Not Tonight Dear, I Feel Fat: How to Stop Worrying About Your Body and Have Great Sex: The Sex Advice Book for Women with Body Image Issues

Not Tonight Dear, I Feel Fat: How to Stop Worrying About Your Body and Have Great Sex: The Sex Advice Book for Women with Body Image Issues

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by Michael Alvear
     
 

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The advice and techniques every woman needs to help her shed her body issues and revel in an intimate relationship Fifty percent of women have put off sex—even when they're in the mood—because they felt too fat. Women of all shapes and sizes share an alarming anxiety: a body image that's causing conflict in their relationships. This book will help

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Overview

The advice and techniques every woman needs to help her shed her body issues and revel in an intimate relationship Fifty percent of women have put off sex—even when they're in the mood—because they felt too fat. Women of all shapes and sizes share an alarming anxiety: a body image that's causing conflict in their relationships. This book will help women reconnect with their sensual selves and put them back on the path to greater intimacy.


Not Tonight Dear, I Feel Fat reveals:

• Innovative advice that quiets the mind enough to enhance desire

• Sexual anchoring techniques ("The 25% Factor") that increase receptivity to sex

• Stories from real women struggling with bedroom body consciousness

Editorial Reviews

"A much needed and highly recommended book for any female who finds herself focusing on perceived body flaws to the detriment of her sex life and relationship... a must-read for any woman who's ever worried whether her body is good enough -- and isn't that most of us?
" - Tracey Cox, international bestselling author of Hot Sex

Product Details

ISBN-13:
9781402272561
Publisher:
Sourcebooks
Publication date:
05/07/2013
Sold by:
Barnes & Noble
Format:
NOOK Book
Pages:
240
Sales rank:
340,853
File size:
1 MB

Read an Excerpt

Introduction


Oh my god, he’s touching it.


Sound familiar? Just about every body-conscious woman says something like that to herself at some point during sex. The “it,” of course, is the part of your body you don’t like. Sometimes this is just a passing thought, but sometimes that thought gets stuck, sets up camp, and gives birth to hundreds of others like it.


You start thinking things like “I’m too fat to have sex,” even though you’re objectively average-sized. You tell friends you’re not having sex till you’re a size six. You put conditions on sex. You wear cover-up clothing. You only have sex with the lights out. You only get in positions that prevent your partner from looking at or touching certain parts of your body. Your partner starts getting a little tired of “conditional sex” and now you start having “duty sex” to avoid losing him or getting into terrible arguments. What you used to enjoy you now endure. Pretty soon your desire for any sex, conditional or not, goes away. Or your libido stays high but self-judgment paralyzes your enjoyment of making love.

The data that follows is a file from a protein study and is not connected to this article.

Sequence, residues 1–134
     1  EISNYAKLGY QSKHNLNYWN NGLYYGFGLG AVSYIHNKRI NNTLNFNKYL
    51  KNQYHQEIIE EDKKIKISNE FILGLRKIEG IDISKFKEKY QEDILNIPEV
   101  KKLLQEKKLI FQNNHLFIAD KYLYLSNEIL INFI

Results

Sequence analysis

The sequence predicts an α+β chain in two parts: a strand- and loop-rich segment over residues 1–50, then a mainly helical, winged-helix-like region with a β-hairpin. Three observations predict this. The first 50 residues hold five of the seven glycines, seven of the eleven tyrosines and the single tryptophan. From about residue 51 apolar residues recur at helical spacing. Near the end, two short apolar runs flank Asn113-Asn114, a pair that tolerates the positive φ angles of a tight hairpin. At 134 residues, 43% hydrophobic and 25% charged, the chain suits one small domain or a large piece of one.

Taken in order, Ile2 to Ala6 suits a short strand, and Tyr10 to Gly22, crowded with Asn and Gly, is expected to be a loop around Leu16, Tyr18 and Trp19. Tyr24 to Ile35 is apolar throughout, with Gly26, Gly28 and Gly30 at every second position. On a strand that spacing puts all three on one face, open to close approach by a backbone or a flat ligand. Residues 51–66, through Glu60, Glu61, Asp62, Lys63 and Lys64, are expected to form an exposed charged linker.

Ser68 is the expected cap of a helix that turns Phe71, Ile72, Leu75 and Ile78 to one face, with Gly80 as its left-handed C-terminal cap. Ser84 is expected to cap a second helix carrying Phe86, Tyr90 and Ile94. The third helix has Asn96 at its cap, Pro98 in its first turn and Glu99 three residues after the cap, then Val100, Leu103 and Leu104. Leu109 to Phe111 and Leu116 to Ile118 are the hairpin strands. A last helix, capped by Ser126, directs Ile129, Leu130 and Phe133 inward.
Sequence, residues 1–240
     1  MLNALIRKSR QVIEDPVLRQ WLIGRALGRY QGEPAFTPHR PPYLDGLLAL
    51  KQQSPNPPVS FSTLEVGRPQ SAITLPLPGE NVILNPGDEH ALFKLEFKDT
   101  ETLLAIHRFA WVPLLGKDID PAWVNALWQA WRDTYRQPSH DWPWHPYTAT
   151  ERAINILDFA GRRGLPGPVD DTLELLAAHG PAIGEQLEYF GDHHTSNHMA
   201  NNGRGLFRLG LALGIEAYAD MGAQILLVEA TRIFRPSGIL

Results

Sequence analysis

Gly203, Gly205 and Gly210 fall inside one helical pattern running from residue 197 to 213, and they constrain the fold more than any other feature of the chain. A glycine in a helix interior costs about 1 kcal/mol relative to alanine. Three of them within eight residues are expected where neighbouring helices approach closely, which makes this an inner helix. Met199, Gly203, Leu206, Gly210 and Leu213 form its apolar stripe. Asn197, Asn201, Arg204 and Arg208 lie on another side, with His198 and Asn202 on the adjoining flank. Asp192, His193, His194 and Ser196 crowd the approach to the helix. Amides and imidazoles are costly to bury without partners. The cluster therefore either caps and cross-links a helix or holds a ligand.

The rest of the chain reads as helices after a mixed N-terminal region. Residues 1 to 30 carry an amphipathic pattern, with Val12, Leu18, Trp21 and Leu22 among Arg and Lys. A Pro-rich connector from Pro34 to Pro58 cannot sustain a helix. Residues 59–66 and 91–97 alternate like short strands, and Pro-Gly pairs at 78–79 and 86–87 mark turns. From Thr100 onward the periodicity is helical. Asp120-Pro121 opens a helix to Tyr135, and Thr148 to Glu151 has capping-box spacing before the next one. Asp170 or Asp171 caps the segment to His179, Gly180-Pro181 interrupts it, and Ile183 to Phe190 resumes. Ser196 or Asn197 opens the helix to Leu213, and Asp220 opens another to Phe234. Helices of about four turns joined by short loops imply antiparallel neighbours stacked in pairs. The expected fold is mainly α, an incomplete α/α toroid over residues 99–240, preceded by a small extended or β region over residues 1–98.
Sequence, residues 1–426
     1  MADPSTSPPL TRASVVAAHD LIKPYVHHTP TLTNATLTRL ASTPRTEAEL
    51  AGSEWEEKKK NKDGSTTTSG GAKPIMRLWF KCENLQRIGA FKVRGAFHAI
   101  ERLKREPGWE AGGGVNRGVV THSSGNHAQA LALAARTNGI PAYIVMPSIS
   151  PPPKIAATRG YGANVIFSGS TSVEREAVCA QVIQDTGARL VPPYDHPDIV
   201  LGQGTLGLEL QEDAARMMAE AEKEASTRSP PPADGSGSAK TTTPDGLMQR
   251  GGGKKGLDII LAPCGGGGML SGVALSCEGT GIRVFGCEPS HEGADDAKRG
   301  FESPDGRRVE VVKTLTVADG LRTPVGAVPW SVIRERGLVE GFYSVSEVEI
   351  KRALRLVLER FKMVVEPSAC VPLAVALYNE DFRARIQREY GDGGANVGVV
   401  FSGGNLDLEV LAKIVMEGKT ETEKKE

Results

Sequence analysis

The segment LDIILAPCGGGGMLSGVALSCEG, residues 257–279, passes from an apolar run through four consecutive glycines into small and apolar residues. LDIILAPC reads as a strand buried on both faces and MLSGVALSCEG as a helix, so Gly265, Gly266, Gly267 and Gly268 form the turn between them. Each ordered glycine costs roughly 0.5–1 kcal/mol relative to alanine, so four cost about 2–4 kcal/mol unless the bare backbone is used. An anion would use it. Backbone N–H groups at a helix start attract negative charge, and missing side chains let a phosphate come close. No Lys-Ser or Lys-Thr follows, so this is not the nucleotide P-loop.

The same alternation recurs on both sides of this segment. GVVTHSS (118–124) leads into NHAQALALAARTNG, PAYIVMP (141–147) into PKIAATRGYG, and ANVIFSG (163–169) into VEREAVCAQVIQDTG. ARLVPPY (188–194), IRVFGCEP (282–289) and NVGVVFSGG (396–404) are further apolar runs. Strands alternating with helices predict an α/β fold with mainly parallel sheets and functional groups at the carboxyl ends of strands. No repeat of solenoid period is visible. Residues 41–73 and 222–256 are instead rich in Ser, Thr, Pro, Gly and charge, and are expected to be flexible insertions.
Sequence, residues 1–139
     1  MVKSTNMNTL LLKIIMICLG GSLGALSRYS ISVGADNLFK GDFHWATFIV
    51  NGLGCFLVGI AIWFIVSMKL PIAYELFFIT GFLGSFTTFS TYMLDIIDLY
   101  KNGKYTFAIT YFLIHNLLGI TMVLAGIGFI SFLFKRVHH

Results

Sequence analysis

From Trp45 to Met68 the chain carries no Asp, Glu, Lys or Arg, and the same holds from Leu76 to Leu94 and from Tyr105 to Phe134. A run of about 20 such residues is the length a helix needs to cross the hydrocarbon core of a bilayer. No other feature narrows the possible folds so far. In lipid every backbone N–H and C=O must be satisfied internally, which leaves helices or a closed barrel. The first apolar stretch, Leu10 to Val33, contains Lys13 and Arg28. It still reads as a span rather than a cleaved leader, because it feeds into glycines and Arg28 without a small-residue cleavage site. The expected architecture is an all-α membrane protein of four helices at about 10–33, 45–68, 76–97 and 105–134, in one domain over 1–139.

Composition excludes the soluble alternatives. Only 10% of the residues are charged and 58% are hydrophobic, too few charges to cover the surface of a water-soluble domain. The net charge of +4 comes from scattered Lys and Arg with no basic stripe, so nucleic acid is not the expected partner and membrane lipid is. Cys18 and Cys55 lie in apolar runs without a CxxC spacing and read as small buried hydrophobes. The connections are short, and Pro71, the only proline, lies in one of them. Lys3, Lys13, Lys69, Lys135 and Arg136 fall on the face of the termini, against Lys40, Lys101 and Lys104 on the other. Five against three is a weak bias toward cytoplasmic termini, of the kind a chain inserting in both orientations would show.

Studies in academic periodicals and popular surveys show that this is an alarming trend—millions of women are losing their libido or putting off sex, even when they’re in the mood—because they feel like they’re too fat. Notice that last part—it’s not because they are fat, but because they think they are. The problem is so bad that a study in the Journal of Sex Research concluded that how you feel about your body has more of an influence on sexual functioning than even menopause! Bedroom body shame is ruining sex for a growing number of women, from the petite to the plus size. They are seeing their sex lives fall off the cliff, taking their relationships along with them.


As the co-host of HBO’s Sex Inspectors, a sex makeover series that helped couples improve their love lives, I have seen the damage that bedroom body shame can do to a relationship. In one heartbreaking episode, Sarah, who in no way, shape, or form could be considered fat, was so ashamed of her “jiggly thighs” that she would only have sex in the missionary position, and then only when the lights were out. She could only enjoy sex when her boyfriend couldn’t see her body. She avoided sex more and more as a way of protecting herself, but all she managed to do was drive her boyfriend away.


Sarah had to face the fact that sexual body consciousness was threatening her relationship (and if she’d been single, it would have impinged on her ability to establish one). Diminished sexual satisfaction across time predicts the likelihood of a divorce or a breakup. Lack of sex, or the inability to enjoy it, closes you off to the kind of closeness, meaning, and connection that form the basis of relationships.


On the show I worked with all kinds of couples. Some of the women worked, some stayed at home. Some were single, some were married. Some were childless, some had children. Some were thin, some were average-sized. None were overweight but it didn’t matter—they all struggled with some level of body shame in the bedroom. “I don’t deserve sex,” one woman told me. “Not without a flat belly.” I can’t think of anything you can say to yourself that could be so cruel. Or so wrong. Yet every night, millions of women say some version of this to themselves when their husbands and boyfriends try to express their love physically.


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